Shell companies are not the only things that can be utilized as nominees. Lawyers; accountants; bankers; financial advisors; paramours; family members and trusts can be nominees. In the criminal prosecution called USA v. James S. Faller II, Case #: 13−cr−00029, the Court discussed how a nominee trust could be part of a scheme to hide assets from the IRS. Pages 13-14 of the Court’s 4/30/15 Memorandum Opinion and Order highlighted Mr. Faller’s alleged misuse of nominees.

Mr. Faller from Russell Springs, Kentucky, relied on “nominee names” to evade taxes, an IRS Special Agent’s affidavit claimed at ¶68. Prosecutors argued Mr. Faller evaded taxes by titling his home and bank account in the name of a trust believed to be Mr. Faller’s nominee. Mr. Faller was convicted of tax fraud and on 1/29/16 Mr. Faller was sentenced to 36 months’ imprisonment. Although Mr. Faller appealed his conviction, the U.S. Court of Appeals upheld the conviction at a 1/10/17 Opinion.

Image: Robert Kneschke/Shutterstock.com

Copyright 2017 Fred L. Abrams

12 8 16 Post
This 34th post in the “Divorce & Hidden Money” series highlights ways assets may be hidden in a money laundering circuit.

The November 30th New York Times Magazine article “How To Hide $400 Million” described the divorce between Sarah Pursglove & Finnish internet tycoon Robert Oesterlund. A document from Mr. Oesterlund’s lender allegedly indicated Mr. Oesterlund’s net worth was $400 million, “How To Hide $400 Million” said. This article also said Mr. Oesterlund claimed during the divorce that the ‘net family property’ was only worth a few million dollars.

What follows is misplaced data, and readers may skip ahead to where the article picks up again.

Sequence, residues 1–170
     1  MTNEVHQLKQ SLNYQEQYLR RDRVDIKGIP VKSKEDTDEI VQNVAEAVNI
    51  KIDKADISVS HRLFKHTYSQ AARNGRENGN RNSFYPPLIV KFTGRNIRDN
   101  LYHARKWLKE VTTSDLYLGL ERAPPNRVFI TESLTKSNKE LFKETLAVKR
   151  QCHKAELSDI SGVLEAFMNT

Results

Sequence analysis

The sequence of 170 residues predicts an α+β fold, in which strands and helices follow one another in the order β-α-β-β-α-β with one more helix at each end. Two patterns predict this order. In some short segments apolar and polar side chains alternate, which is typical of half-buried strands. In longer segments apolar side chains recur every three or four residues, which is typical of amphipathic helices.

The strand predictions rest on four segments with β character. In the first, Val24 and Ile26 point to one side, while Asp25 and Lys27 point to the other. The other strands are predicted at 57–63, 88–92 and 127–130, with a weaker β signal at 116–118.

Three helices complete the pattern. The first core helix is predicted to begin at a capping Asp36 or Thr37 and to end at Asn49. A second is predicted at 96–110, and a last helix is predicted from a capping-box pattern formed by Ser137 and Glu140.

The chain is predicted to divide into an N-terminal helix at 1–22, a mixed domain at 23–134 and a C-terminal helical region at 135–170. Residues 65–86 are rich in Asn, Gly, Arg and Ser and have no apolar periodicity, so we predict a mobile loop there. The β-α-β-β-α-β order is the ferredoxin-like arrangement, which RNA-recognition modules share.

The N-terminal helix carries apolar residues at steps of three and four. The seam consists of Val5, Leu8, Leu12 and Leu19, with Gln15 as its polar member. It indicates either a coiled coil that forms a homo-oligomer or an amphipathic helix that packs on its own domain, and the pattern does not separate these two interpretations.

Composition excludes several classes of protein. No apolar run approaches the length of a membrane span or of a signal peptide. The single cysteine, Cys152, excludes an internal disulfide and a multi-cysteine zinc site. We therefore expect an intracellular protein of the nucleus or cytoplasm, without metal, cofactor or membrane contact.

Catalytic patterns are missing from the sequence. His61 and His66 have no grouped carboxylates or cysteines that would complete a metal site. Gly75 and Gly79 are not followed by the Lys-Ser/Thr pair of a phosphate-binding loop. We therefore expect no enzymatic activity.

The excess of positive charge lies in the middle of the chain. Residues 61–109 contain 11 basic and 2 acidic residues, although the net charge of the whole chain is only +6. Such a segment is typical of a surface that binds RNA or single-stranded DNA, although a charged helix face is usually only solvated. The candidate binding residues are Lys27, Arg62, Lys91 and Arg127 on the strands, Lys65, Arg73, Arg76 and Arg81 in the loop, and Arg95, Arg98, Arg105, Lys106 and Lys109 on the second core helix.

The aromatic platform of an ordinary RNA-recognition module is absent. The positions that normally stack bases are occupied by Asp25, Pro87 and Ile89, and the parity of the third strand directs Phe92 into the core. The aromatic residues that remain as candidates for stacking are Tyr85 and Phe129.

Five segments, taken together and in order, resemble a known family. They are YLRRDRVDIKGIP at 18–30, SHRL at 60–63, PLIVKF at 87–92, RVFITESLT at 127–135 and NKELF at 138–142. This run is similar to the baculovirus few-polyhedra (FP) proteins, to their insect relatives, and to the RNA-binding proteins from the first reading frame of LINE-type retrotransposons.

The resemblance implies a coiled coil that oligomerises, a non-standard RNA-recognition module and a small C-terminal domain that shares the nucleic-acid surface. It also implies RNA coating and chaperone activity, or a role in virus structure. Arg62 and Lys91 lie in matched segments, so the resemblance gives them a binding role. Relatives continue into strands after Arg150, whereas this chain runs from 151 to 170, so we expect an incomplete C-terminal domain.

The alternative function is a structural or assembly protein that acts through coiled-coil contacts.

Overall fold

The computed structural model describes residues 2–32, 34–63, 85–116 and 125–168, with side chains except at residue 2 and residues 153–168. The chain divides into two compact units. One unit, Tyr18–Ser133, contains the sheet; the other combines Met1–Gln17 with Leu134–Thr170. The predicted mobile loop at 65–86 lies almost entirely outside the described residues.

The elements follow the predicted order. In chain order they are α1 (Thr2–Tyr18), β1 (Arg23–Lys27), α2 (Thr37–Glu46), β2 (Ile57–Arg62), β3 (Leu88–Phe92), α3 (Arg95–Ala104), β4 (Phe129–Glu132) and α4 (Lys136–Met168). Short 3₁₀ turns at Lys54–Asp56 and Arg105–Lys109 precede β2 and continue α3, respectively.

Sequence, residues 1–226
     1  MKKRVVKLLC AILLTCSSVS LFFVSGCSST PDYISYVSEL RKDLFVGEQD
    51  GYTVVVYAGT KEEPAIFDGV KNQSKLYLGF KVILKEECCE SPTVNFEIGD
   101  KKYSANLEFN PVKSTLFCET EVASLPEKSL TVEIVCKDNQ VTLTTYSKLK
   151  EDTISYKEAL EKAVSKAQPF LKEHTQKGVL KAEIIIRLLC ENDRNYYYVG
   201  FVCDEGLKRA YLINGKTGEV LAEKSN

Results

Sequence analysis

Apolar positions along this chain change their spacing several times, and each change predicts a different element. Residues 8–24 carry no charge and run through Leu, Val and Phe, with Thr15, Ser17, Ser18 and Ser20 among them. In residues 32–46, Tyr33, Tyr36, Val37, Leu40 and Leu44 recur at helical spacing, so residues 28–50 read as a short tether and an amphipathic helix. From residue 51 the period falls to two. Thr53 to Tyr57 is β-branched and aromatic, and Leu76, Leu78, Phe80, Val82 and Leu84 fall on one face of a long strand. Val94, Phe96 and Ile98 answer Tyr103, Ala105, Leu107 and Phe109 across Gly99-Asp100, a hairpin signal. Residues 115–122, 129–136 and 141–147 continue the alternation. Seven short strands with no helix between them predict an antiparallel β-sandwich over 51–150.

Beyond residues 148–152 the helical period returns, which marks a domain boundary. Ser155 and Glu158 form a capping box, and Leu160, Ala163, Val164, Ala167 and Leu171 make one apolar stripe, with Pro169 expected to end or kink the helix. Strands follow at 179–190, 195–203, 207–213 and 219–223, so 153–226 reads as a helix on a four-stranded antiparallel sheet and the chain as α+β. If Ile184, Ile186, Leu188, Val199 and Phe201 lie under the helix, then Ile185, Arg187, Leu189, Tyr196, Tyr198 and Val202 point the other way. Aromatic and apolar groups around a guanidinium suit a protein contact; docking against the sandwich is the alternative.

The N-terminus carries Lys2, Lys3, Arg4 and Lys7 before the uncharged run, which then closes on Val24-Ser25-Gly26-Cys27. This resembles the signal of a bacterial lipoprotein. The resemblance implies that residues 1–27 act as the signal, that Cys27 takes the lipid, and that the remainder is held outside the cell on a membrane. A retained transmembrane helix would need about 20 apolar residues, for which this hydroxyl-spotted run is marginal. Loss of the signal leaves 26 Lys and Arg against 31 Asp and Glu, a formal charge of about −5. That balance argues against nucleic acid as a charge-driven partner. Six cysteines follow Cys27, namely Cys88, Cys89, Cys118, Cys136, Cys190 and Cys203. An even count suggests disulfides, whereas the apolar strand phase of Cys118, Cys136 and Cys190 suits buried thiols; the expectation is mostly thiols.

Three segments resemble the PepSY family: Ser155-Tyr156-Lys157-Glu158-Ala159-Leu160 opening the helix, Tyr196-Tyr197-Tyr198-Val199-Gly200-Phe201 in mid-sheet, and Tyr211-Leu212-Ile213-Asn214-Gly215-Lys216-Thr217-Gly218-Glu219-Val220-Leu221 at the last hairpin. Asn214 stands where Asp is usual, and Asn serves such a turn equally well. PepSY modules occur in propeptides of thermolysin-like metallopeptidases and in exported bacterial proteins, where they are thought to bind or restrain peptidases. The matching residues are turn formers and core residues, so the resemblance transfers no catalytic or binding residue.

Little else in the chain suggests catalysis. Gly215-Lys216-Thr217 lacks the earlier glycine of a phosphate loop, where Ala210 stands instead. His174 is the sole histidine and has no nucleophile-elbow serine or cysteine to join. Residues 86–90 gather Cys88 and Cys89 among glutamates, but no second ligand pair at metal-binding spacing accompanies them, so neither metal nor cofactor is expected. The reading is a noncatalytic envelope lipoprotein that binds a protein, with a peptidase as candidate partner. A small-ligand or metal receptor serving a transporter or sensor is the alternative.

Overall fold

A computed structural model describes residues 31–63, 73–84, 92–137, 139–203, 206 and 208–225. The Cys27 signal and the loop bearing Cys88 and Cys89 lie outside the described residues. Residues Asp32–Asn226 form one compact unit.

Ms. Pursglove however, did not believe this and tried to search for assets reportedly hidden by Mr. Oesterlund. Based on “How To Hide $400 Million,” Mr. Oesterlund was an ultra-high-net-worth spouse who allegedly hid assets through:

  1. gatekeepers (such as lawyers & bankers);
  2. multiple jurisdictions;
  3. offshore bank accounts;
  4. shell companies;
  5. & trusts.

These can all be used as laundering links which wash assets in a money laundering circuit. A money laundering circuit is shown at a chart on a webpage from FINTRAC, a Canadian financial intelligence unit. An ultra-high-net-worth spouse may place assets into a laundering circuit through: structuring bank deposits; money mules/bulk-cash smuggling; diamonds or other portable valuable commodities; false invoicing schemes (i.e. trade-based laundering); wire transfers; etc. How do you perform an asset search when these methods are used to hide assets? Click here for seven tips.